2015-02-08

Maybe it is because literature Nobel prize and other major award winners already tend to have a long career behind them, since I have always thought that an author has to be old to become famous. That isn’t the case as an infographic created by Blinkbox Books illustrates. Age really doesn’t count for authors: the breakthrough book can be an author’s debut at 26, or twentieth book at 65.

JRR Tolkien published his first book at 46, and continued to write for many years. John Steinbeck discovered his success at an age of 36 with his fifth book. JK Rowling was 33 and Stephen King 32 when they discovered their success formulas.


Explore the careers of some of the world’s most successful authors. Click image to open interactive version (via Blinkbox Books).

Author Erkki Leppänen: Marketers Are Storytellers

2014-02-08

Erkki Leppänen is a seasoned sales and marketing professional, who has trained hundreds of new talent during his career. He has also authored guidebooks for marketers. We asked Erkki Leppänen his tips on writing non-fiction books and on good reads about sales and marketing topics.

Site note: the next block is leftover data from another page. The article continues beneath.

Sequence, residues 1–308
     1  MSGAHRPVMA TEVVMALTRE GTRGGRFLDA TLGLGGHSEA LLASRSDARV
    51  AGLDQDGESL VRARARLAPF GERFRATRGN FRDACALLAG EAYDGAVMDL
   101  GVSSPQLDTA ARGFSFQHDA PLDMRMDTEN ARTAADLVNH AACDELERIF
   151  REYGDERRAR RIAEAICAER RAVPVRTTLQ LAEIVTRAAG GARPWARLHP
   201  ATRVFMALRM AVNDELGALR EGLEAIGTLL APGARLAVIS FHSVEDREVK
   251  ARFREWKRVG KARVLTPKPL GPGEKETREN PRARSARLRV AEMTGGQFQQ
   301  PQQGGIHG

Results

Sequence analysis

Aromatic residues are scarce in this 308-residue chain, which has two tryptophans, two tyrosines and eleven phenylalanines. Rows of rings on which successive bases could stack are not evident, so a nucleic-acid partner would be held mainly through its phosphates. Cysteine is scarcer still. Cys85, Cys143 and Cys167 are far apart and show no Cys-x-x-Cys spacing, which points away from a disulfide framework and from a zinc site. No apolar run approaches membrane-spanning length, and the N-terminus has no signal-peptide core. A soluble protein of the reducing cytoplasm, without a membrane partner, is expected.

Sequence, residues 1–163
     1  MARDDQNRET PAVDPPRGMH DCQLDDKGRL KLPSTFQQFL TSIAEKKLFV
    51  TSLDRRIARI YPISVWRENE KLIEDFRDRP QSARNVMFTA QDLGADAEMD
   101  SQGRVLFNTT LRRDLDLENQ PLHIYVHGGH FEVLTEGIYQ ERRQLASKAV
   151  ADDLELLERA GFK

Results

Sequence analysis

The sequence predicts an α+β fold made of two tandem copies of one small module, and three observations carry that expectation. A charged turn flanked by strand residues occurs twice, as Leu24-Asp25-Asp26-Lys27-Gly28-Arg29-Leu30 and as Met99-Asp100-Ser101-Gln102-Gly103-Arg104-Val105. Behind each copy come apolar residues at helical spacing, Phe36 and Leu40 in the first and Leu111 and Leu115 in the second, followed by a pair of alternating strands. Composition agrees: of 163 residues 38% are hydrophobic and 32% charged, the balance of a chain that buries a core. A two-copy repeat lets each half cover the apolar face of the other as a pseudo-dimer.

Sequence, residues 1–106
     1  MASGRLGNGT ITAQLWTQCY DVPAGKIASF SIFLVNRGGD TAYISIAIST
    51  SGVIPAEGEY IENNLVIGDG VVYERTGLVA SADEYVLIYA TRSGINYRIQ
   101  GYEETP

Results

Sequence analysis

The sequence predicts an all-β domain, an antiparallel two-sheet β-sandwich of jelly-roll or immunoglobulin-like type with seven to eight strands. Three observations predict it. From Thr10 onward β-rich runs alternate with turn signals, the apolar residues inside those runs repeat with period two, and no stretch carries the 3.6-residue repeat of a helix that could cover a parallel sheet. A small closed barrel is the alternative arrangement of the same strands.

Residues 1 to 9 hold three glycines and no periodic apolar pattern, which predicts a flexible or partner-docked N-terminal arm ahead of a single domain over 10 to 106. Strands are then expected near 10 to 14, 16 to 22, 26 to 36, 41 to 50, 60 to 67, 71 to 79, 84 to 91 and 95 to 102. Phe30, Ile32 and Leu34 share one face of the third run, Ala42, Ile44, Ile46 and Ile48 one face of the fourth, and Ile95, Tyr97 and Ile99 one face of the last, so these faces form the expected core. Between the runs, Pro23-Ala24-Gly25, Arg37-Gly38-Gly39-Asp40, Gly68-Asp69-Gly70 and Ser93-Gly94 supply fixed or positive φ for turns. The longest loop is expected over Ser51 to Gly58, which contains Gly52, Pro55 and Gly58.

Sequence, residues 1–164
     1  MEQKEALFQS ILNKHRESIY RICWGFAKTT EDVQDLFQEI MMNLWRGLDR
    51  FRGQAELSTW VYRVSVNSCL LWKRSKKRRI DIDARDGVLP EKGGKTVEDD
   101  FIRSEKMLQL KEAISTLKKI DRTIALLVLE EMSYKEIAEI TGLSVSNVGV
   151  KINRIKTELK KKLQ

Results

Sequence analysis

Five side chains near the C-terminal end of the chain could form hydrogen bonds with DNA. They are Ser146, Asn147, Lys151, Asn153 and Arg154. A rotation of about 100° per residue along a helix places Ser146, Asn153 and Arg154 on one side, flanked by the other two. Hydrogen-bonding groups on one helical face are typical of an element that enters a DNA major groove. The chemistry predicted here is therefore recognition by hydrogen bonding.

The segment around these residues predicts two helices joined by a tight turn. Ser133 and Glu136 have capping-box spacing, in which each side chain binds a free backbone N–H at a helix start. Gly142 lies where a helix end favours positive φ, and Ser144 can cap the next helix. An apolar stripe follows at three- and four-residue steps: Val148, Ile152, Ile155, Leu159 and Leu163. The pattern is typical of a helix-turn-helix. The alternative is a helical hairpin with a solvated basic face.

Erkki Leppänen: Placebo is for Real - ebookYou have authored a number of popular sales and marketing books, like ‘Placebo Is for Real‘. How did you get interested in marketing?
I was studying at California State University, Fresno, and decided to attend a Marketing 101 course. Professor Robert Hampton happened to be the lecturer of this course. It is because of him I got interested in marketing at the very beginning. Robert Hampton really made a difference in my life at that point of time.

How did you find your own style of writing, and what is your personal working process when you write?
From the very beginning, I wanted to write about complicated marketing issues in a simple manner. I use short sentences and easily digestible language. I also use figures and sometimes even pictures with speech bubbles to make my point.

I spend plenty of time on finding an interesting topic. In addition, I take reader feedback seriously and revise the manuscript accordingly.

I also look forward to the development of ebooks that may be moving towards multimedia. If that happens, it would certainly change my personal writing process.

What else have you written?
I have written a master’s thesis in the field of marketing. While I was studying at California State University, I also wrote to the college newspaper, The Collegian. I also participate in discussions on marketing blogs and exchange ideas with other marketing people.